MonkeyBot, Ready to Swing

The structural failures have been remedied and MonkeyBot back in action. We’ve had the bot swing around some and the servos are better than I could’ve hoped! Their feedback is more than adequate for our application and the software side of the project should have a good time dealing with them.

The following are details of MonkeyBot as he stands today.

Full Passive Assembly

The robot utilizes a pair of Dynamixel RX-28 servos, a CM-700 microcontroller and a serial and power tether, all pictured above. In the near future, the robot will be outfitted with simple force sensors in the claw and an IMU in the body.

Claw/Arm Interaction Detail

We created an aluminum plate that fit our current plastic parts such that this interface is much more robust.

Servo Connection Detail

The servo connection consists of 12 2-56 button head screws holding the servo into the body and 8 M2 socket head cap screws holding the arm to the servo horn.

Full Assembly and Failure

After getting in a few of the remaining pieces, the team put together the remainder of MonkeyBot.
Arm Assembly Detail

We were eager to see the bot swing for the first time and we quickly ran into failure:

Failure Detail

A resolution has been devised and we’re moving quickly to get MonkeyBot swinging again.

MonkeyBot, in Plastic

The body and passive claw for MonkeyBot have been laser cut and partially assembled.
The following are photos of the parts and the passive claw.



All the parts laid out.


The passive claw: construction required only the 4 (2 visible) fasteners at the base of the claw.


The body, securely capturing the two joint motors.

MonkeyBot, in Pixels

This Thursday’s meeting was particularly productive. The body group and passive claw group finalized their designs for laser cutting tomorrow. The Mechanical Engineering Shop got a hold of a brand new laser cutter and we’ll be the first students to produce parts with the machine.

Here is what the bot will look like:

Passive MonkeyBot 1.0 extended

Passive MonkeyBot 1

Also the active claw group has modeled a feasible bi-stable, simply actuated claw.

Active Grasper Prototype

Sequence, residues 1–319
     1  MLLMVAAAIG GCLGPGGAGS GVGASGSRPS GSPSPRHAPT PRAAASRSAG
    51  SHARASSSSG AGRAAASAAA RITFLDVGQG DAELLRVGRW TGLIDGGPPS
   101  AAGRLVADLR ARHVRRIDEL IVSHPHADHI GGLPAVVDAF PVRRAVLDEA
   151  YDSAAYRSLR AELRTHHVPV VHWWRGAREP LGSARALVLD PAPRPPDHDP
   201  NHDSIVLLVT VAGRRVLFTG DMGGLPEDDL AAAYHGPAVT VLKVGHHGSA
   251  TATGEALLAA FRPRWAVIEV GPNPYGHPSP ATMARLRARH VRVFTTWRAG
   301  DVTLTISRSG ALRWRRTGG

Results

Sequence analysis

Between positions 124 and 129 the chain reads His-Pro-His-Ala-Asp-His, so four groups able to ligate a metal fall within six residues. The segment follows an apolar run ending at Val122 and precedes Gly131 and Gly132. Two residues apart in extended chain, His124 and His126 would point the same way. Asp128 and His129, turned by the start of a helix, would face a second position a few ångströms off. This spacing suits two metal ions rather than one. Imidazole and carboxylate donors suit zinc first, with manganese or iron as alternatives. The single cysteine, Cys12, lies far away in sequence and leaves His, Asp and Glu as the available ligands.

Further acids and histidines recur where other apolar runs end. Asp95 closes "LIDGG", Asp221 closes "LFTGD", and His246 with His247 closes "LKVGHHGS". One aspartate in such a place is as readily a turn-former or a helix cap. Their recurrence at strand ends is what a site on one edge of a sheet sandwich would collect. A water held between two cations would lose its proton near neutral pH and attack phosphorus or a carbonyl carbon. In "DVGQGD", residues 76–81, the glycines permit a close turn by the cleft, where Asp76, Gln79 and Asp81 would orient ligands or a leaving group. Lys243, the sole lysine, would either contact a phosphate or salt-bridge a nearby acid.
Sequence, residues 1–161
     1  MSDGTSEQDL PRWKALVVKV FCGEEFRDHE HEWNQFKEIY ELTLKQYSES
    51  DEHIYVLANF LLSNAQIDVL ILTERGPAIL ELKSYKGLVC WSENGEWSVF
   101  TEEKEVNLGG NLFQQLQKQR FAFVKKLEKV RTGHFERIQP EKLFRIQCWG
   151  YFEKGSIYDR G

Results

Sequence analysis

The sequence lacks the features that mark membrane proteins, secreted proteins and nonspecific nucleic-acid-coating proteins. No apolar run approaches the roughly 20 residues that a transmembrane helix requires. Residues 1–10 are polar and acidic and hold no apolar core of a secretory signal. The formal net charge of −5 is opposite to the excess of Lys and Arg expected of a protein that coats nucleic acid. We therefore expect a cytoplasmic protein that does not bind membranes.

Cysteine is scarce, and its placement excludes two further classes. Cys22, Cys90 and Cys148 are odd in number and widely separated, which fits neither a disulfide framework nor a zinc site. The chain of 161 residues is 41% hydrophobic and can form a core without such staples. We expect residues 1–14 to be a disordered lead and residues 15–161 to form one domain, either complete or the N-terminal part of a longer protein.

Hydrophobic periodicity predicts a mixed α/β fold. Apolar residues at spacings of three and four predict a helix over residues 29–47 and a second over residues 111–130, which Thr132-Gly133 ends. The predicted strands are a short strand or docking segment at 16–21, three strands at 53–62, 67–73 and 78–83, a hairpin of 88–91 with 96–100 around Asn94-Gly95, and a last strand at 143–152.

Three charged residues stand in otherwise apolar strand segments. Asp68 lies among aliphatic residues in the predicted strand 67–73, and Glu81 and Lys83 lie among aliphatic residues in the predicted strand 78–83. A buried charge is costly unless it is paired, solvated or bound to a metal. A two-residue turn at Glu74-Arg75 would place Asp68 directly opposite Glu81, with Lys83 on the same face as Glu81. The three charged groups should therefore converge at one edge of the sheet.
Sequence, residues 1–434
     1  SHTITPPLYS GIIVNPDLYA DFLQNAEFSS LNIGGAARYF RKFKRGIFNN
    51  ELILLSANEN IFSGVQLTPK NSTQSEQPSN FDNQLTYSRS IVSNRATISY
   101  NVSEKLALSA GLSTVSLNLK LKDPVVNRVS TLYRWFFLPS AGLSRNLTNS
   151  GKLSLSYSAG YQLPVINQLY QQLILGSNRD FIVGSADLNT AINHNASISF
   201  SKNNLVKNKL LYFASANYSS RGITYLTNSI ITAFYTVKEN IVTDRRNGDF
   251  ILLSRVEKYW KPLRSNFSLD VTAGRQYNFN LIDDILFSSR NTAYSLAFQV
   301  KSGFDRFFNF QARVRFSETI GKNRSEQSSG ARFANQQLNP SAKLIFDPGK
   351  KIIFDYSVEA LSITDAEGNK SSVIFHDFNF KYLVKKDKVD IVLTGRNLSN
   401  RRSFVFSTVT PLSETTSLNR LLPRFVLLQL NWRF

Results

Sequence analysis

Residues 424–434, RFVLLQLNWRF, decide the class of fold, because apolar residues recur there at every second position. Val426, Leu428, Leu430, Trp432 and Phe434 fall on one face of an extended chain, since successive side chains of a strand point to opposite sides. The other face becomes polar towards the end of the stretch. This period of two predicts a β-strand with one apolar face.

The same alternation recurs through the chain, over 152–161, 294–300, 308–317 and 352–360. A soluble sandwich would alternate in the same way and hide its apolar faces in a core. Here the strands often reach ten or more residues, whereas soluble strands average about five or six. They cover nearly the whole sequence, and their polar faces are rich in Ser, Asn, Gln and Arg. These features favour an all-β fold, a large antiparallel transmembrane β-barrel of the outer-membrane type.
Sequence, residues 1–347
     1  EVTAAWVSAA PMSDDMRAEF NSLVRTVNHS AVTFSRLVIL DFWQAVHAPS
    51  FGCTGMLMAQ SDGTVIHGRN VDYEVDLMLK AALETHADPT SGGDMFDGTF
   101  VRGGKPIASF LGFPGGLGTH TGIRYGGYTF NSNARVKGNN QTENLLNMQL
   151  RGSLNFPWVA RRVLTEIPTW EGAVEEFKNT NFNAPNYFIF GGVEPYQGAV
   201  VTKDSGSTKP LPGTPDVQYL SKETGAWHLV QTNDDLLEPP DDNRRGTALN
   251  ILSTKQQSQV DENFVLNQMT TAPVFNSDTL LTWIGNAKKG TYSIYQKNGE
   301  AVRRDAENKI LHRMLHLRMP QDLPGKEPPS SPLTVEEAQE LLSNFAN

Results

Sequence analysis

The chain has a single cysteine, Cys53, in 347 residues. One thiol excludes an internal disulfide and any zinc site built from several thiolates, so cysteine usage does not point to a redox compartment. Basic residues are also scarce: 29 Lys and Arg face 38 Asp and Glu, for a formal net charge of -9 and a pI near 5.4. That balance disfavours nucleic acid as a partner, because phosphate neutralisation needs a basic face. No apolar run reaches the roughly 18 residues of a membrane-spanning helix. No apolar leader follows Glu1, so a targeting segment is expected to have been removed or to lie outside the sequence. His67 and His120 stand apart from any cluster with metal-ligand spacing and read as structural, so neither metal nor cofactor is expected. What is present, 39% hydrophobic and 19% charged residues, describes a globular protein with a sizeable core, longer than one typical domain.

MonkeybarBot Prototyping

In this week’s hardware meeting, the group moved forward with the insight gained from the previous meeting’s activities.

Last week the group prototyped basic ideas to get a sense of proportions and required degrees of freedom to accomplish the monkey bar crossing task. Here are two photos of some of the concepts that were constructed:

A monkey bar set up with 2 bars and a passive, double hook at the end of each arm.

A full scale model of what could be an active grasper.

More prototypes of the active graspers were made this week; examples are shown below.

Triggered Grasper
A possible (prototypical) implementation of a palm triggered grasper.

Triggered Grasper (simple)
A simple model demonstrating the functionality of the palm triggered concept.

This week we moved forward in the prototyping stage and also developed a timeline for the project and split our project into tasks. Group members elected to be in different parts of the project, a breakdown follows:

Active Gripper: Yannick, Rodrigo, Carl
Passive Gripper:
Robot Body:
Nathan, Priya
Monkey Bars:
Andy, Jeff

Veteran members including Pace, Harrison and me will fill in gaps as needed. The software aspect of MonkeybarBot will be dealt with at a task level by Jitu.

The deadline for a functioning physical robot is October 15, the Friday of Mid-Semester Break. This project will be concluded by the end of the semester, at which time we will have a finalized design for the quadrapedal HyLo robot. Construction of the HyLo robot will begin at the start of the second semester.


At the Thursday meeting this week we discussed some high level goals and brainstormed about the simplest way to go about independently solving each problem.

Below is a snapshot of of a some tasks that the robot might eventually complete.

Listed with red bullets are:
  • Monkey Bars
  • Tight Rope ~cargo net